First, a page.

Quaker Studies September 2010
Vol 15/1 – 01/09/2010
Desc: The issue starts off with an article by Richard Allen on the migration of Nantucket Whalers to Milford Haven in the eighteenth century. These Quakers had had their ships seized because of their pacifist position during the American war of Independence and were faced with financial ruin. It is a history of combining spiritual witness and business interests although it is interesting that most of the whalers returned to North America by 1806. Milford Haven was established over that twenty-year period but Quakerism there went into decline after its short-lived influx.
Julia Bush’s article explores Caroline Stephen’s opposition to woman’s suffrage in the early twentieth century. Bush explores the variety of influences on Stephen and, linking with Pam Lunn’s article in Quaker Studies 2/1, argues that this position was far from anomalous in a Religious Society riven with ‘widespread doubts over the appropriateness of women’s entry into parliamentary politics. The Religious Society of Friends was divided on the subject and her eloquence was a valuable support to conservative gender views within the Society and beyond it’.
This issue also carries the last of the papers presented to the 2008 QSRA Conference on the sociology of British Quakerism which became the Cambridge Scholars publication The Quaker Condition: The Sociology of a Liberal Religion. The chapters here by Susan Robson and Judy Frith examine Quaker attitudes to conflict and making choices about time. Robson argues that a don’t see, don’t ask, don’t tell attitude is prevalent amongst British Friends and compares it with a contrasting approach found amongst Irish Quakers. Judy Frith’s work on how Quakers make choices about time reveals a ‘polychronic’ approach whereby Quakers operate different registers of time and mange their clocks through constructing a ‘temporal collage’ (interesting comparisons with Jackie Leach Scully’s analysis that Quakers operated a collage approach to their ethical decision-making—see Quaker Studies 14/1).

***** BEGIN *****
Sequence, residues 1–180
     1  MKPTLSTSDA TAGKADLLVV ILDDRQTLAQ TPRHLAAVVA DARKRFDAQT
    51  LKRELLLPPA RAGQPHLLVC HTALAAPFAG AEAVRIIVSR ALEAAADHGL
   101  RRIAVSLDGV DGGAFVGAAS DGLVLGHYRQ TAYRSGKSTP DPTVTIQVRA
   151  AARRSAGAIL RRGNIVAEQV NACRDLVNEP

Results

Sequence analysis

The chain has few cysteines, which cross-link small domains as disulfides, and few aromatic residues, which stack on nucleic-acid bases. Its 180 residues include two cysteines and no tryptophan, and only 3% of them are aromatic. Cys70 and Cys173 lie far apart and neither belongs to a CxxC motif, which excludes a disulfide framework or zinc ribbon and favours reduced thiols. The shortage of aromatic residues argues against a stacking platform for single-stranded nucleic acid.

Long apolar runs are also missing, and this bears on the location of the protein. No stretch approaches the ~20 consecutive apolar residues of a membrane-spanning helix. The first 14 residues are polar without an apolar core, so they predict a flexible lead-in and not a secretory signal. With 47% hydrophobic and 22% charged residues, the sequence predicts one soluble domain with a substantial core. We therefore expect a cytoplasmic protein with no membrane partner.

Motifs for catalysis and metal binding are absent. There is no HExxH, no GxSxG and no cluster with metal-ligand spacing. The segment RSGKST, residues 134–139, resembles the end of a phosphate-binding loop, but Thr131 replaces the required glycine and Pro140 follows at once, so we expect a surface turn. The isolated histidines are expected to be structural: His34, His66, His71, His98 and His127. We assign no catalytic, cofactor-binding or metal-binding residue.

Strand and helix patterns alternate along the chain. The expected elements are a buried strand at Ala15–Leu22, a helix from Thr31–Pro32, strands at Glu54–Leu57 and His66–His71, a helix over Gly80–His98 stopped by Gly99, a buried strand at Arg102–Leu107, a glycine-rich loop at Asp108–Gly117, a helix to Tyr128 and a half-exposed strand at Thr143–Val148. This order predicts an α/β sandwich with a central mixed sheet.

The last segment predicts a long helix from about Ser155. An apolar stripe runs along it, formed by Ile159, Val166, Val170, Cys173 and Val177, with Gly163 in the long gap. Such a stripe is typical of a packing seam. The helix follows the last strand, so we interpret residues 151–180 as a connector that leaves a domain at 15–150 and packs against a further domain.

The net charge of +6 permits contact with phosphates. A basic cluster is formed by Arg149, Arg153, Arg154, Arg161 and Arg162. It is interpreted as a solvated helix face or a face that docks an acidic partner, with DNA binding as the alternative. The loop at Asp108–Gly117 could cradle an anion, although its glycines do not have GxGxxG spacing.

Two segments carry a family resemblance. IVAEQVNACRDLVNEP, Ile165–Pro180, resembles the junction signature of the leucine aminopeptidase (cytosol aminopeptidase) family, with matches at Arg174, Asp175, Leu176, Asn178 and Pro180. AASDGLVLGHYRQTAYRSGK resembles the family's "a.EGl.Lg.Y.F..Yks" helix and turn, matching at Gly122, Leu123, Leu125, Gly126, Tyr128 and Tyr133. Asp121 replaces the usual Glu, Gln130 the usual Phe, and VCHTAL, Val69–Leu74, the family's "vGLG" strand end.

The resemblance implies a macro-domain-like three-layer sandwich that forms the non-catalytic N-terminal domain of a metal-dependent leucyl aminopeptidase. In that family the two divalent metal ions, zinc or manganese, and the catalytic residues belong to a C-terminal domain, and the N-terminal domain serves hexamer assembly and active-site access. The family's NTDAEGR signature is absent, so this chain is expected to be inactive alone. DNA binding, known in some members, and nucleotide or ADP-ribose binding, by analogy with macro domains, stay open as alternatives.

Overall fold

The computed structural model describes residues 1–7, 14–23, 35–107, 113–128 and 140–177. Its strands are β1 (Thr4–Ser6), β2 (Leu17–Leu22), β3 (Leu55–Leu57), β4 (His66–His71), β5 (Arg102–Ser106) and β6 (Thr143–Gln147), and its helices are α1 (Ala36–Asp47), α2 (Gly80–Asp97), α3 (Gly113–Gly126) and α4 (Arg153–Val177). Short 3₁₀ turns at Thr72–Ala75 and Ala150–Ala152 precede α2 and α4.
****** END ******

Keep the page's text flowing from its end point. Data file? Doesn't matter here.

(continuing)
We have research notes on the tripartite longitudinal ‘Present and Prevented’ study, the conclusion of which we hope to report on in the next year, as well as the market research carried out on public perceptions of Quakers in Britain.
In this issue, we finally catch up with the backlog of book reviews. Apologies to you the readers and the reviewers: we will have a steadier stream in future.
Betty Hagglund is now Deputy Editor as well as Reviews Editor and Helen Smith Assistant Reviews Editor.
‘Ben’ Pink Dandelion